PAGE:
2018, The Year Of The Podcast

Comments On The Podcast Universe by Mitch Santell

podcasting
Podcasting, In The Air Every Where!

Podcasting has become a real force on thousands of websites. Like most producer’s, I was always an early adapter. I wanted to see how I could use podcasting as a marketing and branding tool back in 2005, so I launched a podcast called “What’s Out Next!”

I’ve placed a sample of the show here, and beneath the show, I’ve put some articles and resources to help you along your podcasting path.


Here is a list of podcast platforms with links:

VUmeter black and yellow and red



To show you how much Podcasting has grown, check out this article with the link:

When Serial hit the digital airwaves in October 2014, the podcast world was taken by a storm. Suddenly, people who had previously been oblivious to the niche world of on-demand audio content were frantically awaiting the next installment of the weekly show that delved into the minutia of an 15-year-old crime.

Amidst a flurry of media coverage and word-of-mouth publicity, Serial grew bigger and bigger, reaching 230 million downloads across two seasons. In the intervening two-and-a-half years, interest in podcasts has continued to soar, with big media organisations such as Buzzfeedand The New York Timesinvesting heavily in the medium, while independent producers found themselves with more success than they could have dreamed of just a few years previously.

As a result, more and more people are turning to podcasts for everything from politics to comedy, while bloggers, authors and YouTubers are leveraging audio content as a way to expand their audience. But where technology and media trends may have evolved simultaneously in the past, the tools available to both podcasters and podcast listeners remain surprisingly stagnant, unable or unwilling to provide the resources necessary to sustain the growth of the medium.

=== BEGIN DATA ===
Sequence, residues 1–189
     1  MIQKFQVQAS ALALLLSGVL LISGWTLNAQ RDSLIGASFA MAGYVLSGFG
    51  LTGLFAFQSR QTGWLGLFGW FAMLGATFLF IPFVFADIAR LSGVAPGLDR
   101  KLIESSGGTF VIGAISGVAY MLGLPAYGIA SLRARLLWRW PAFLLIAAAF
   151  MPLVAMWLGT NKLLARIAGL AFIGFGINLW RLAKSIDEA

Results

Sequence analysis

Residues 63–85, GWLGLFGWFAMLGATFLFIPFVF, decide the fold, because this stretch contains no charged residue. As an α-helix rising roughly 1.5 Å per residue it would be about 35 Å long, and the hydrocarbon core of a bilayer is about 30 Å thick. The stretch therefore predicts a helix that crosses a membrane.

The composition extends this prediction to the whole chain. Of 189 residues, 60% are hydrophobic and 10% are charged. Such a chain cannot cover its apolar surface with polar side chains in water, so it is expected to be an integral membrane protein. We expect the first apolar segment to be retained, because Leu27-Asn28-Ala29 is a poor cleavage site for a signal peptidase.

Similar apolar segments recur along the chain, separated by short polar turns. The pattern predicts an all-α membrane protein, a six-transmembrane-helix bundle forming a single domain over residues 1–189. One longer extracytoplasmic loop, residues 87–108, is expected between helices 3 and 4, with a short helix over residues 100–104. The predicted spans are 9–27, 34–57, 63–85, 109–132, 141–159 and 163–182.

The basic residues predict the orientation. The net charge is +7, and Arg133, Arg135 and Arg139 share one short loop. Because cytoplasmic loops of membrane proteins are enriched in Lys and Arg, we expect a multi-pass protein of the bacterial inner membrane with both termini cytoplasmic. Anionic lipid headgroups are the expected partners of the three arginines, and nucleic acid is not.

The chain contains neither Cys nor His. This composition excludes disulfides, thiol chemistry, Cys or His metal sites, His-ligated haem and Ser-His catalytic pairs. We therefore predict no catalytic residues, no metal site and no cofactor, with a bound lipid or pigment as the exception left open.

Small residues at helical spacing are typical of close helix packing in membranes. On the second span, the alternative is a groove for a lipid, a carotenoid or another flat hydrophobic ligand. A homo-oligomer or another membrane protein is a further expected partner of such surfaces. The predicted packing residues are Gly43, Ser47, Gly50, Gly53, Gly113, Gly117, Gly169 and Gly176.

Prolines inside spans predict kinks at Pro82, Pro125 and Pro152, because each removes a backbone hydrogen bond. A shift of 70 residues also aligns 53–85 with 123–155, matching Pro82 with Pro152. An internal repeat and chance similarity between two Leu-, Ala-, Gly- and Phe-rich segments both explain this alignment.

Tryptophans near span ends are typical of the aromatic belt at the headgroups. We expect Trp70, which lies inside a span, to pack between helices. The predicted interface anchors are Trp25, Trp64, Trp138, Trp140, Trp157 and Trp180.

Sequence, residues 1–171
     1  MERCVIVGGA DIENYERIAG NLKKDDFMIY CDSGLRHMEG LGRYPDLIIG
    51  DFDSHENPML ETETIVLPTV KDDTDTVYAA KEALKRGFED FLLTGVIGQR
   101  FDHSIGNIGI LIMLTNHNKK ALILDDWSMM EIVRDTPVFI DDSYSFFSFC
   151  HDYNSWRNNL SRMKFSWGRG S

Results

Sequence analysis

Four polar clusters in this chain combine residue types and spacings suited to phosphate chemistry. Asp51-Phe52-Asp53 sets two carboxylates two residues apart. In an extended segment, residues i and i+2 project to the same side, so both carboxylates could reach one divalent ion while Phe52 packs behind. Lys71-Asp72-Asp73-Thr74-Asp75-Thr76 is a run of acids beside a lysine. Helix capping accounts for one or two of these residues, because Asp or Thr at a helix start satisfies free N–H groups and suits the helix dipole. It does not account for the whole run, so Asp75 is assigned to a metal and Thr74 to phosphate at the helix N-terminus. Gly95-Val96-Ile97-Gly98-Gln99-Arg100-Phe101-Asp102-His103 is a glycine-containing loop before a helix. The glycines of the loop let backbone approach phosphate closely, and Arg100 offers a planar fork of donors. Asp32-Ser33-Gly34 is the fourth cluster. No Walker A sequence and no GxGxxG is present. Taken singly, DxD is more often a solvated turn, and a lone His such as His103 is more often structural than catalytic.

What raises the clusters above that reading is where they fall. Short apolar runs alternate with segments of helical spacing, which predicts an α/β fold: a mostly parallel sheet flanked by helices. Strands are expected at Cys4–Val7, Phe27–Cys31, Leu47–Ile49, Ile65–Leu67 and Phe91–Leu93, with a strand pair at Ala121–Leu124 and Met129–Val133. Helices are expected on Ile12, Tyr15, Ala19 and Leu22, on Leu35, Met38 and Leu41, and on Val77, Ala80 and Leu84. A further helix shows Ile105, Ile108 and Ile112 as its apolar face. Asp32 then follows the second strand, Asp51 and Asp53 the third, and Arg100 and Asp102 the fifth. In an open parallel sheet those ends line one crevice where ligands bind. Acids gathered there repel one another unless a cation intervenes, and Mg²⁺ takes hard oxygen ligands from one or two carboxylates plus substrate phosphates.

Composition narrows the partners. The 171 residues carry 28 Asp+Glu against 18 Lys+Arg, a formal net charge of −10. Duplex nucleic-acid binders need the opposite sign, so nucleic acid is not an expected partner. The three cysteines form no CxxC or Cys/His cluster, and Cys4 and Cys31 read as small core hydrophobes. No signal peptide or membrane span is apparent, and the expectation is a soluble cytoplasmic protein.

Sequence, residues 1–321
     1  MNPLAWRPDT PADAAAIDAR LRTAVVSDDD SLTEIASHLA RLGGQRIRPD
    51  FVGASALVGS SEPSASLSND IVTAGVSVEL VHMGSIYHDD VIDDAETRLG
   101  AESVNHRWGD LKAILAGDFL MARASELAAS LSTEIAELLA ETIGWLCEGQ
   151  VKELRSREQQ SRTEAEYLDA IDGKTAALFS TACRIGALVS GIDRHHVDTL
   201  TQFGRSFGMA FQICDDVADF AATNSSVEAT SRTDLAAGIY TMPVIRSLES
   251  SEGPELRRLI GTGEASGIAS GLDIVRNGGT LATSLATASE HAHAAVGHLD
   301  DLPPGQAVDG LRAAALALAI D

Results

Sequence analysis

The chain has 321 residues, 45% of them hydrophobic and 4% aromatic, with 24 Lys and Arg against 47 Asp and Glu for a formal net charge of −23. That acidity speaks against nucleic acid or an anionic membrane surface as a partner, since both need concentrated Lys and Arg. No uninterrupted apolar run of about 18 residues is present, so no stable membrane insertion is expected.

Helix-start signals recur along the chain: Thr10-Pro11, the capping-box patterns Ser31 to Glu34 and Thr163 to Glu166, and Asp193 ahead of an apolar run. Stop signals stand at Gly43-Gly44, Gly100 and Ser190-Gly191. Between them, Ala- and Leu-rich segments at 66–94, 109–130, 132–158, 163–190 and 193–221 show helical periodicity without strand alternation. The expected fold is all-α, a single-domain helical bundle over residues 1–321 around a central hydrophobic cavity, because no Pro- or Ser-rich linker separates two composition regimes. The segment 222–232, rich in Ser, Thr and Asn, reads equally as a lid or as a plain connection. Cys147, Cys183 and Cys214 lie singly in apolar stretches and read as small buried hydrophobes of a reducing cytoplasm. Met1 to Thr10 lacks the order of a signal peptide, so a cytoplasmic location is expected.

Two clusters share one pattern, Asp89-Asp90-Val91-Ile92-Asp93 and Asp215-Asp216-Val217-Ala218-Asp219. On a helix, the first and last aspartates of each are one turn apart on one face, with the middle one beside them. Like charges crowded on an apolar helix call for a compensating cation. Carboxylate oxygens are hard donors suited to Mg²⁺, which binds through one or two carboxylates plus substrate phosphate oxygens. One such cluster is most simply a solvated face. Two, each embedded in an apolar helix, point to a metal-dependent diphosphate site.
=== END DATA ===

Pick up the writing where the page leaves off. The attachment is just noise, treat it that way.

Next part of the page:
Shifting perceptions

Across the UK we listen to an average of 26 hours of audio per week, but despite the move towards on-demand digital content in almost every other industry, three-quarters of our listening time is still traditional radio. Adam Martin is the chief content officer at Acast, a podcasting platform that launched in April 2014 and has quickly become one of the most popular apps for podcast listeners, particularly those on Android devices. Part of his role is to shift perceptions of podcasting away from the idea of the geeky white middle-aged man podcasting from their garage, but he finds the historic lack of streamlined technology is a barrier.

“Once you hook people on to podcasts, that’s it. I don’t know anyone who’s stopped listening to podcasts after they start, but the tech needs to be accessible,” said Martin. “Instead of expecting people to download apps and look things up, we want to go to where people already are. We use Facebook Instant Articles integration and a Twitter player to show people snippets of audio they’ll find interesting. We don’t want to corrall them into a walled garden and force them to listen through our app; we want to be a part of the social media channels they already frequent and serve up content to them there. You have to break down the barriers to access podcasts, remove the friction and go to where the people already are.”

Read the rest here: http://www.alphr.com/life-culture/1005884/podcasts-are-more-popular-than-ever-so-why-is-the-tech-stuck-in-the-past

If you would like one more piece of podcasting motivation, check out this article about the show This American Life: https://lifehacker.com/im-ira-glass-host-of-this-american-life-and-this-is-h-1609562031

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